During the Civil War, more than 400,000 Union and Confederate soldiers were held at prisoner-of-war camps, with a tragic death toll of 56,000. Among these captives was a Confederate soldier with a remarkable tale of escape from Point Lookout POW camp in Maryland. Thirty-six years later, this soldier embarked on a journey to revisit the site of his imprisonment, hoping to meet and reward those who had shown him kindness and aided in his journey. Accompanied by a newspaper correspondent, his story was recorded and later published.
Simon E. V. Seward was born in Surry County, VA, on May 14, 1844. He hailed from a family with a strong military lineage, his second great-grandfather having served in the Revolutionary War. On August 12, 1862, Seward enlisted in Company E of the 13th Regiment Virginia Cavalry, the Confederate States of America, at Petersburg, VA.
Just before the Battle of Gettysburg, Gen. Robert E. Lee dispatched some troops to threaten Washington and draw away Union forces. Seward was among these men, and while reconnoitering in Montgomery County, Maryland, Union soldiers captured him on June 28, 1863. Initially held at the Old Capitol Prison, the aftermath of the Battle of Gettysburg necessitated the conversion of Point Lookout, a former military hospital complex, into a POW camp. Seward was transferred there, witnessing the rapid increase in prisoners from 1,700 to 9,000 by the end of 1863.
As conditions worsened with the influx of prisoners, scarcity of food and contaminated water caused illnesses like typhoid and malaria. Before the war ended, some 4,000 prisoners died at Point Lookout. Seward began planning his escape.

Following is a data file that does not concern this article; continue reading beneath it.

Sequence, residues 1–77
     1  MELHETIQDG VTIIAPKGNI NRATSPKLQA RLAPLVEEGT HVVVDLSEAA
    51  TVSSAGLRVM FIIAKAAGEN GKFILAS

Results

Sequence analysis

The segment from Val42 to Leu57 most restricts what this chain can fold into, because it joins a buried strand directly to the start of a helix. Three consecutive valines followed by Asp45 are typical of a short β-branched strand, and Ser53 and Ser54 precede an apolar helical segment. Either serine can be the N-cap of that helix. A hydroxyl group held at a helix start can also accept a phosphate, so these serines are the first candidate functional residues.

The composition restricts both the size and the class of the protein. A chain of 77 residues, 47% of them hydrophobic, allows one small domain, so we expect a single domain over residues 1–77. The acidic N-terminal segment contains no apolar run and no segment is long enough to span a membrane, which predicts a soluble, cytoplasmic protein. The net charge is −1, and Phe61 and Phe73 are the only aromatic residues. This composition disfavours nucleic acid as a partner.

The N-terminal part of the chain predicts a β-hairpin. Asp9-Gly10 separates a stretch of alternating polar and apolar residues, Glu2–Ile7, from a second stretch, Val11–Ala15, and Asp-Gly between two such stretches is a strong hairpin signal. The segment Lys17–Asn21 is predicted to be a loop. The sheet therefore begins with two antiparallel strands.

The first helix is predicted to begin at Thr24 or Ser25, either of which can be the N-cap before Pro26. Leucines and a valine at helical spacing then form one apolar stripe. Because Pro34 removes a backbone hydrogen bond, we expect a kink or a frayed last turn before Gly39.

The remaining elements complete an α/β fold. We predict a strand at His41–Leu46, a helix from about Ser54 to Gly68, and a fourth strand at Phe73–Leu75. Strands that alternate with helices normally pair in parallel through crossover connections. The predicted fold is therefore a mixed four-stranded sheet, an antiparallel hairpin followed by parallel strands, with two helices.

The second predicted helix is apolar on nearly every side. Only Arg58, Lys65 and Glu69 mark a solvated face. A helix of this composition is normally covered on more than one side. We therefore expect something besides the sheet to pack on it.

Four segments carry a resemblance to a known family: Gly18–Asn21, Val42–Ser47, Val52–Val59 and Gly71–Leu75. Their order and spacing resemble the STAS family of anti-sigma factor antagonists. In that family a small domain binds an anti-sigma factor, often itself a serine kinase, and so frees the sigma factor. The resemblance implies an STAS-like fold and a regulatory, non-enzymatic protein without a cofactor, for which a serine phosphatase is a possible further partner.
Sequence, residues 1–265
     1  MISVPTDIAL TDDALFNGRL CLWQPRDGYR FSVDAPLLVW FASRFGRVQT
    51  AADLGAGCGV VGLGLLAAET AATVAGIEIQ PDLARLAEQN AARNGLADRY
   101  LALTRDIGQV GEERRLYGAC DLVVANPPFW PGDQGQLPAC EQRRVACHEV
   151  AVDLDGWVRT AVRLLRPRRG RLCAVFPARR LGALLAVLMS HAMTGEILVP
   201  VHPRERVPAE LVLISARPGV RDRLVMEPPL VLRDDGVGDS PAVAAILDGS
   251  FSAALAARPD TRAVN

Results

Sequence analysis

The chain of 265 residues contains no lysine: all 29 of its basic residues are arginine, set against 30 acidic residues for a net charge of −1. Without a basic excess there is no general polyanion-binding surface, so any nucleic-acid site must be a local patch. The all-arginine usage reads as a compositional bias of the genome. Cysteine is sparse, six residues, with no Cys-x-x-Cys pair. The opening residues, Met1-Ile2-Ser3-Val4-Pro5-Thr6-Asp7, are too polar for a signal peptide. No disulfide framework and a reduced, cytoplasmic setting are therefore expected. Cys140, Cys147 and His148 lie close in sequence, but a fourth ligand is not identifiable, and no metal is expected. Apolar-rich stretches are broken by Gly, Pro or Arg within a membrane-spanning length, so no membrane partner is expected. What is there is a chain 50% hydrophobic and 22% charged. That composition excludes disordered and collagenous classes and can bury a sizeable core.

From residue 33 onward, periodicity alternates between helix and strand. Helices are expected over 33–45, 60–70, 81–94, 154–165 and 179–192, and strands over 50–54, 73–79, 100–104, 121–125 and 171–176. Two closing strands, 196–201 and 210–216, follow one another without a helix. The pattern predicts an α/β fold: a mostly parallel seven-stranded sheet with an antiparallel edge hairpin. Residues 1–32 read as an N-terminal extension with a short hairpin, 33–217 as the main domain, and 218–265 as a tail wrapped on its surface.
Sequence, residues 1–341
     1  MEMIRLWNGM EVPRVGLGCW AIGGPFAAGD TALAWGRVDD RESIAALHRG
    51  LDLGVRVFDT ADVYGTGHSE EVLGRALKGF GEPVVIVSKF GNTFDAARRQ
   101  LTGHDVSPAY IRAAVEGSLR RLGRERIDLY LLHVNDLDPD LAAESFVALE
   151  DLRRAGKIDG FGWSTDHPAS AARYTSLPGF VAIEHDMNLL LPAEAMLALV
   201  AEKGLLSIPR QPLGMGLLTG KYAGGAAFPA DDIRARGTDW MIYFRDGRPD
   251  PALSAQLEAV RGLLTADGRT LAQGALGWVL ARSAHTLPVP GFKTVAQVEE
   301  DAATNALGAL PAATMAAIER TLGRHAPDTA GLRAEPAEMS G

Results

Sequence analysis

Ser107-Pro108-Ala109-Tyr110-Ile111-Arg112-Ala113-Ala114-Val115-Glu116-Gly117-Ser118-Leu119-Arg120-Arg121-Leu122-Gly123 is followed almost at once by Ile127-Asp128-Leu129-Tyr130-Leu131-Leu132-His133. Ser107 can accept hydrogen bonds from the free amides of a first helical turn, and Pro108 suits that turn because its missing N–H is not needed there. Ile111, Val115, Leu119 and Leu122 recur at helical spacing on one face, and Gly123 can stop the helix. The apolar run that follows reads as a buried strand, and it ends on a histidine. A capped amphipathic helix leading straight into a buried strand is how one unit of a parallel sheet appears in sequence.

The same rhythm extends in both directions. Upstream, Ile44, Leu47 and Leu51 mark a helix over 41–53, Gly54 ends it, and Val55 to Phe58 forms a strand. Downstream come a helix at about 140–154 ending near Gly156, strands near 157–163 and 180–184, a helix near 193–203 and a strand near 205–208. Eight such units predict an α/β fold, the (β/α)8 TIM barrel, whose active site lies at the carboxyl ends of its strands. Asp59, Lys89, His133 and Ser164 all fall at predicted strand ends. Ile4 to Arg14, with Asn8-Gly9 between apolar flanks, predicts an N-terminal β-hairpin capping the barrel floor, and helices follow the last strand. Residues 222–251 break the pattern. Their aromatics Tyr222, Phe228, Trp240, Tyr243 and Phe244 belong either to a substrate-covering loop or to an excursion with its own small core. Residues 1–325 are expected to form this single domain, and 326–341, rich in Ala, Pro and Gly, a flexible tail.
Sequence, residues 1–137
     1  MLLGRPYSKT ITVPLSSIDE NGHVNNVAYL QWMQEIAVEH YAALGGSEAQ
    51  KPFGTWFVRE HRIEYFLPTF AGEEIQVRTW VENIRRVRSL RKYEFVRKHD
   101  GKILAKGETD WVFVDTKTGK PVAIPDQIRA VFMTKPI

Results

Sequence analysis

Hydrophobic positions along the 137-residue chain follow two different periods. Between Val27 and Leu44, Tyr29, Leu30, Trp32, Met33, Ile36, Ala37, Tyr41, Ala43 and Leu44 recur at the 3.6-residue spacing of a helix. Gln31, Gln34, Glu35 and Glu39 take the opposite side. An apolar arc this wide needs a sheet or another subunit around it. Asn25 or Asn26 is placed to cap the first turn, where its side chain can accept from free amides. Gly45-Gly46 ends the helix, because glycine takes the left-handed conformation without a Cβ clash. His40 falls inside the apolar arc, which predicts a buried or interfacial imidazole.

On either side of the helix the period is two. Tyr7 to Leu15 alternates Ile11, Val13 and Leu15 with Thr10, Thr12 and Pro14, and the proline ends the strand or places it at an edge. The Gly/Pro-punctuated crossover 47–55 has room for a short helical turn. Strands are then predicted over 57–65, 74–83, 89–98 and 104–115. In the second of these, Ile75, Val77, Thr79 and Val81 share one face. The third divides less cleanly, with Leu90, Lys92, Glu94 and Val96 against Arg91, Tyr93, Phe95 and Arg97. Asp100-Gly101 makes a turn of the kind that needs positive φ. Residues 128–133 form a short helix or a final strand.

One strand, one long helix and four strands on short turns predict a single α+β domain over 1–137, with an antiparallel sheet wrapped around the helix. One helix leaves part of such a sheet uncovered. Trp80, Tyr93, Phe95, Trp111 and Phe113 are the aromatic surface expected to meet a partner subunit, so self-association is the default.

For weeks, he studied the guards’ movements until he found the opportune moment to make his move. He crept past a fence unnoticed but drew attention while trying to steal a horse, triggering alarms. Running through a barrage of gunfire, Seward flung himself into the Chesapeake Bay and swam furiously. He eventually came ashore and made his way south, hiding from pursuing soldiers. Along his arduous journey, he encountered compassionate strangers who provided him with dry clothes, food, money, and lodging.
Finally reaching Richmond, Confederate officials granted Seward a furlough, and he reunited with his family. Post-conflict, he went on to become a wealthy businessman. Despite his achievements, Seward never forgot the kindness extended toward him during his escape. His greatest desire was to repay it. In 1898, at the age of 55, Seward embarked on a poignant return to Point Lookout, accompanied by his brother and a newspaper correspondent eager to document this emotional journey.
Seward tried to follow his original escape route but rerouted rivers, and roads made it difficult. As they neared Point Lookout, Seward inquired about an old home where he once sought refuge. Locals directed him to John Hewitt, whose father had lived on the land years earlier.
Seward found Hewitt, and when he asked him if he remembered the war, a flicker of recognition passed through Hewitt’s eyes. Suddenly, both men realized that this was not their first meeting. Years earlier, when Hewitt was a teenager, he and his father helped Seward escape. Both men were stunned, then overcome with emotion. The two embraced and wept as they recounted the events from many years earlier.
Hewitt remembered every detail of the night his mother opened the door to find an emaciated 19-year-old soldier. The family took Seward in, fed him, hid him, then helped him escape as Union soldiers closed in.
Seward pressed a substantial sum of money into Hewitt’s hand. Hewitt protested but eventually acquiesced. The journey back to Point Lookout was cathartic for Seward, who expressed gratitude that the war was over, and the Union was preserved.